May 1958: A young German student returns to Germany after a year of study abroad in England, impressed and influenced by the stimulating internationality he experienced there. He feels a bit foreign, almost like a foreigner in his own country, in the idyllic yet somewhat provincial university town of Freiburg. How fortunate that, while studying the “Schwarzes Brett,” he comes across a reference to a student association that promises to take care of foreign students: WUS, World University Service. The beginning of a long and intense relationship.
Focus on “caring for foreigners” WUS of the 50s
this was first and foremost a way of meeting foreign students. These had grown considerably in number during that decade, nearly 25,000 it is said to have been around 1960. In the early years, these new fellow students were still hardly perceived as an opportunity to enrich and internationalise dusty German universities, but rather as strangers in solitude who had to be taken care of, as objects for “care.” Even Father State had discovered this task for himself and thought about appointing “full-time supervisors”.
German WUS: club life, support for foreign students, fundraising and political twilight of the gods
WUS swam on this wave at that time and was extraordinarily active in this field at more than 20 universities with local committees. In Freiburg, the local committee even succeeded for a time in offering a program every day of the week: Lectures and discussions, political seminars and jazz concerts, company visits and sightseeing trips, free time in the Black Forest and on Lake Constance,
PHOTO BAND XXX
sporting encounters and dance events. Generously, it was often overlooked that those who accepted this offer were in their overwhelming majority German students. The foreign fellow students had already begun to found their own associations, eyed rather suspiciously by the state, recognised by German students only after long hesitation as an opportunity for more intensive partnership. It was not until the early 1960s that WUS said goodbye to the traditional ideology of support – the seminar “Ausländerbe treuung – Irrweg oder Notwendigkeit” (Support for Foreigners – Misguided Path or Necessity) organised by German WUS in 1962 and documents in its series of publications bears witness to this.
PHOTO CLUB XXX
PHOTO CLUB XXX
Above the club life of the local committees, it had almost been forgotten that WUS in its origins after World War 1 and again after 1945 was primarily a student self-help organisation: students helping students. Raising funds to support needy students, especially those suffering from the consequences of wars and political events, had long been the unique selling point of international WUS. And WUS in Germany remembered it as well, though clearly only as a subordinate activity. For decades, the “Bazaar of Foreign Cultures” was the most impressive example of this, an enormous effort for all committees involved, the proceeds of which were not always in reasonable proportion to the effort. Also, the profits – if such were achieved – from chargeable events of individual local WUS committees flowed into the fundraising pot of international WUS in Geneva, for example that of the “Ball of Nations” in Freiburg, with almost 2000 visitors and five bands in the city hall, certainly one of the largest WUS events of its time. In principle, it was certainly a correct decision to participate in a large, overarching fundraising campaign in the early 1960s as part of the “International Solidarity Fund of the German Student Body” launched by the Association of German Student Bodies – VDS – and even to do so in an executive role. Unfortunately, it is the historical truth that the good intentions were crowned with very moderate success and the campaign was soon quietly buried. The bazaar of foreign peoples shrugged this off and survived.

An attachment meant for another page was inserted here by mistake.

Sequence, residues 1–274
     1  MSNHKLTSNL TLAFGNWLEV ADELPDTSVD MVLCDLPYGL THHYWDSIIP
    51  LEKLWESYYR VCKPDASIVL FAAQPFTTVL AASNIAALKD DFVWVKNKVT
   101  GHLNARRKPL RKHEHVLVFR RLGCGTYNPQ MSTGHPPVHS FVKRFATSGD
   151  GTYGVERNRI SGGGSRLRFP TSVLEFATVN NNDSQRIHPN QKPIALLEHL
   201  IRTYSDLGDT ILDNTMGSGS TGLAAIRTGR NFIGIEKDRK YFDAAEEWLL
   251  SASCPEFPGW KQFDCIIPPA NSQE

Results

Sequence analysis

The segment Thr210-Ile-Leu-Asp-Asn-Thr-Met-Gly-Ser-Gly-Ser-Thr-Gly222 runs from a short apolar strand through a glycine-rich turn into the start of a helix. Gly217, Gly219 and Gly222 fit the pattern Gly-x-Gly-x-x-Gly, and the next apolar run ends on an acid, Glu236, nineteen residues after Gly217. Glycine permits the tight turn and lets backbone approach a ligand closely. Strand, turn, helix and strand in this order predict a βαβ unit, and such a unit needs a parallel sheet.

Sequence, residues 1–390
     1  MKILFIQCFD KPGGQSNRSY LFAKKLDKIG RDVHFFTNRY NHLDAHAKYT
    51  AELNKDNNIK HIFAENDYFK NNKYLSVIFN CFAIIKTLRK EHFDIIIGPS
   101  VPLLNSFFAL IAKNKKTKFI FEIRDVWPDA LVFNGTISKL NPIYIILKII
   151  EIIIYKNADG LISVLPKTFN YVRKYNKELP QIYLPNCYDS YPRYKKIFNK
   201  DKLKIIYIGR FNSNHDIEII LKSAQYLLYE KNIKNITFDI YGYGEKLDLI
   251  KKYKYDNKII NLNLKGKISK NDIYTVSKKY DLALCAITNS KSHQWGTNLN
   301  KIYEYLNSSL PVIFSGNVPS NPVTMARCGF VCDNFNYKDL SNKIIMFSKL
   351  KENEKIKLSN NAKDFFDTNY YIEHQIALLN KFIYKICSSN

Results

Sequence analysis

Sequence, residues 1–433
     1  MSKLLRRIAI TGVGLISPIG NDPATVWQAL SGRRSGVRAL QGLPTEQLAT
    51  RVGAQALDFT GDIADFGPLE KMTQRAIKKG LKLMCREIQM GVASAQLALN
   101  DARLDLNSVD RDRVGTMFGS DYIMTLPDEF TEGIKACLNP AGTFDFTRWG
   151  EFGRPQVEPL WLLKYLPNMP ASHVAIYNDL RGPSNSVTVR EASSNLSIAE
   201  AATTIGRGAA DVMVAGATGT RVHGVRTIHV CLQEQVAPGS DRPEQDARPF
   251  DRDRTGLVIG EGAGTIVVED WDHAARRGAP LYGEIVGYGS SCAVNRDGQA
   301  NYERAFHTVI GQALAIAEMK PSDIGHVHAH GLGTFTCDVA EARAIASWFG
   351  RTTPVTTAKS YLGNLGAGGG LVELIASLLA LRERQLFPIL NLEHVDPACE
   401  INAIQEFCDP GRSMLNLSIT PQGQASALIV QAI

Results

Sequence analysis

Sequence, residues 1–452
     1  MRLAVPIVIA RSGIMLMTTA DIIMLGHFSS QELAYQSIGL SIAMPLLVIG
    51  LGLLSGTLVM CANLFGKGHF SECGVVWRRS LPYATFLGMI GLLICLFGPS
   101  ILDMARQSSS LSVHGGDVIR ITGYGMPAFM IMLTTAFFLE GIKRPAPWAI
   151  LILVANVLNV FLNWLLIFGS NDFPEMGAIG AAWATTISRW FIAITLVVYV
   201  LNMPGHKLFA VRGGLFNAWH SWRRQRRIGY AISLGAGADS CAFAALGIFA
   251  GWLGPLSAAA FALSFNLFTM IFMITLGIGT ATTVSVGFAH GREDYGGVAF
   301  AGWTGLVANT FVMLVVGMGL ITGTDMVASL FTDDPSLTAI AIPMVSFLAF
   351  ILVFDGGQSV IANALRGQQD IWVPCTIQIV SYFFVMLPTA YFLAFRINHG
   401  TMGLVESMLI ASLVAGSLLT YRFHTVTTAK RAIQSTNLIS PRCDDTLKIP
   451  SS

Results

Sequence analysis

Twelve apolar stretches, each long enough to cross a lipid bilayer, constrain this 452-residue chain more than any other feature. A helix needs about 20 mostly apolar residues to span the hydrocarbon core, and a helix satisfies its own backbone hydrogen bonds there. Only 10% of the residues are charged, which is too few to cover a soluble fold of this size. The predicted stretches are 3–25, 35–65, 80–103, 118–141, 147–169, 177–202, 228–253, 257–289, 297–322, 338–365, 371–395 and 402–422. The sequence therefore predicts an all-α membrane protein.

At the beginning of the 1960s a new era was heralded in German WUS: in the wake of the pre-sixties, under the impression of an increasing politicisation of the student body and arm in arm with the student political avant-garde in the VDS, WUS also became visibly more political. The older guard followed this with growing scepticism or even disapproval, many of the younger ones distinguished themselves in the front line. The author of these lines still tells with pride that he was able to help formulate the “political mandate” of the German Student Union at the VDS general meeting in Munich in March 1962, during debates that lasted until late at night. But that is another story.
Harald Ganns was chairperson of the local WUS committee in Freiburg/Breisgau from 1959 to 1960, employee in the secretariat of WUS Germany in Bonn from 1960 to 1963 and its secretary general from 1962 to 1963. From 1963 to 1965 he represented the Association of German Student Unions (VDS) as overseas representative for West Africa, based in Dakar/Senegal. After joining the German Foreign Service in 1965, he worked at the embassies in Lomé/Togo and Madrid, among others. From 1980 to 1983 he was accredited as ambassador in Niamey in Niger, from 1983 to 1986 in Cameroon and Equatorial Guinea, from 1990 to 1993 in Namibia and from 1998 to 2000 in South Africa and Lesotho. From 2001 to 2007, he represented the Federal Foreign Office at the United Nations in Bonn. Since 2008, he has served as senior advisor at the United Nations in the UN Campus in Bonn.